Air Asia Flight QZ 7529 – Denpasar/Bali-DPS to Jakarta-CGK Indonesia
Air Asia QZ 7529
Dept: Bali (DPS) 3:35 pm
Arrv: Jakarta (CGK) 4:15 pm
We knew we needed to fly fro Bali to Jakarta for weeks (if not months), but for whatever reason never booked a flight. We were partly putting it off having heard not-so-great things about Jakarta and I guess we were a little nervous to go. In fact, up until the day before our flight, we were still deciding whether we should extend our stay in Bali/Ubud or fly to Singapore early or bite the bullet and go to Jakarta. We finally ended up booking our Air Asia flight the day before departure for $156.67 USD total (for the two of us).
We made it to the Domestic Terminal of the Bali airport in Denpasar a few hours early and were immediately greeted by a confusing process. We had to flash a copy of our itinerary at the ticket window to gain access to the terminal, although we just kind of waved a generic email from our iPhone and it seemed good enough for the ticket checker. We found the domestic check-in counters and began the part of the trip that made us most nervous about the Air Asia flying process: the checked baggage policy.
At the time of booking, we paid for one 25 kg bag each, figuring it would be more than enough. When we loaded the bags up, the first 2 weighed in at 46 kg, so good to go, right? Well, not quite. We had a 3rd bag that we had planned to carry on but the agent said that we would need to check it, meaning it had better weight 4 kg or less. Once it was clear that we would be a few kg over, she told us about the Air Asia policy that every 1 kg over limit costs 117k rupiah, or about $10…. per kilo! Crazy! After looking sufficiently shocked, we scrambled to pull a few items out of the checked baggage and switch it to our carry-ons (it’s always the worst to be those people at the check-in desk). We were still a bit over but she let it slide.
Done with the check-in, we continued on towards the gates. We had to pay a 40k rup/person exit tax. Why not just add this to ticket fee?! And, the most puzzling part was that it was literally one agent taking money at a desk and then, behind him, an agent scanning the ticket you just purchased…why that operation takes 2 people, I do not know. #employment?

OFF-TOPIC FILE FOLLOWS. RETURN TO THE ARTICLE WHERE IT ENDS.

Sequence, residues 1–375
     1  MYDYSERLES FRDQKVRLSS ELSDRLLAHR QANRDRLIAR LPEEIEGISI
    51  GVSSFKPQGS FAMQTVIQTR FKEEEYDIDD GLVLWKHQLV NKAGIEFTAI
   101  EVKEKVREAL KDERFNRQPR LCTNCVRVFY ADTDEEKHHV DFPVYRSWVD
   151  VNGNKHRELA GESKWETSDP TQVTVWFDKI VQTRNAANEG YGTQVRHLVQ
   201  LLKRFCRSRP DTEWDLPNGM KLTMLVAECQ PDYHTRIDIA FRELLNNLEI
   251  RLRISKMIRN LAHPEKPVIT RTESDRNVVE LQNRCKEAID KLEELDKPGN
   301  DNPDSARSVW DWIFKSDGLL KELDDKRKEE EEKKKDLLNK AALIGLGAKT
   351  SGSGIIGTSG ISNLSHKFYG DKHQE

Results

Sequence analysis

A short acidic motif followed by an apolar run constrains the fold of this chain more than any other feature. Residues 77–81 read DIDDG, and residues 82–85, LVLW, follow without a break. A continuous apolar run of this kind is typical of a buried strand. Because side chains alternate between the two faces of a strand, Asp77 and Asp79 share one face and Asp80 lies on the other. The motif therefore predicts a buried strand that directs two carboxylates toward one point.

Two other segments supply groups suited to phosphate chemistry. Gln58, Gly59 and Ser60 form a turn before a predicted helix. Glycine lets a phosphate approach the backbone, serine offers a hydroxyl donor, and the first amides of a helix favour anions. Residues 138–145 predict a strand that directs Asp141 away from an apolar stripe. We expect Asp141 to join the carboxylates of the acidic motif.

At the second (and supposedly more thorough) security screening, our 3+ bottles of water made it through just fine.
As were wandered through the Domestic terminal, we quickly realized that we were two of the very few Western tourists that had this idea. It was literally packed with Indonesians. And, they didn’t waste any of those tourism tax dollars flooding into Bali on an A/C unit here, making it quite hot and full of natural human smells.
The Air Asia boarding process was one that was unfamiliar to me for an airport but felt much more similar to a bus. In fact, the whole terminal feels more like a bus station than an airport. We killed a bit of time in the Sanur Executive Lounge:
The flight was finally called at 3:10 pm and everyone gathered in the area made a mad rush for the shuttle.
No scanning here, just glance and rip their part of the ticket, then we were crammed onto bus. No real surprise here as being a budget airline often means you skimp on those expensive airport gates and just bus over to the plane.
Air Asia was obviously not messing around when it comes to turning the aircraft around. When we arrived on the shuttle bus, they were still deboarding the in-bound flight. We stayed on the bus for 4-5 mins after the final passenger deplaned and the flight crew gave the thumbs up–ready for the next batch! So, maybe a 4-minute cabin clean/turn on the ground.
Jumping on the plane, we saw that the first five rows appeared to be premium seating, but I’m not sure if that actually meant more legroom or just faster deplane.
We had row 14, seats A and B, a “premium” exit row with more legroom but still VERY little room compared to a Delta exit row.
Getting ready for take-off:
MEAL AND SERVICE
Not wanting to miss any sort of new cultural airplane experience, I couldn’t pass up trying the meal options. All things considered, the choices were quite affordable:
I ordered the Pak Nasser’s Nasi Lemak: “A Malaysian favorite fragrant coconut rice served with Pak Nasser’s special chili samba and tender chicken rendang, accompanied with fried anchovies, crunchy groundnuts, and hard-boiled-egg.”
The food wasn’t half bad! Good luck being able to purchase a tasty hot meal on a 90-minute flight on a United or Delta flight!
The in-flight service was all around good. The flight attendants were upbeat and friendly and easily switched between Indonesia and very articulate English.
Flipping through the Air Asia magazine provided me much entertainment –check out this digital weight scale which can be bought in-flight:
And reading up on Ala Farah Quina, Indonesia’s NOT photoshopped “Celebrity Chef”–I wonder what qualified her?
But, by far the most entertaining was reading the detailed article about a plane crash, while in-flight on a plane! This seems like a topic that should be off limits, no?
With the flight nearing an end, we stored our tray tables and raised seatbacks on the approach into Jakarta-CGK.
Landing in Jakarta, we saw 2 big plane graveyards. There were lots of 747s, the few that still had clear enough paint to read were those of Batvian Air.
Once we landed, it was a pretty quick deplane into a hanger-looking type facility. As soon as we were back in the A/C, the baggage carousel was right there. The terminal for domestic arrivals like ours was rather small.
Our bags were off pretty quickly and we headed out to find our driver meeting us from the Keraton Hotel.
BOTTOM LINE: Despite being tripped up by the checked baggage weight limit, we were pleased with this low-cost Asian carrier and would fly them again–on a short flight only though, the legroom left much to be desired.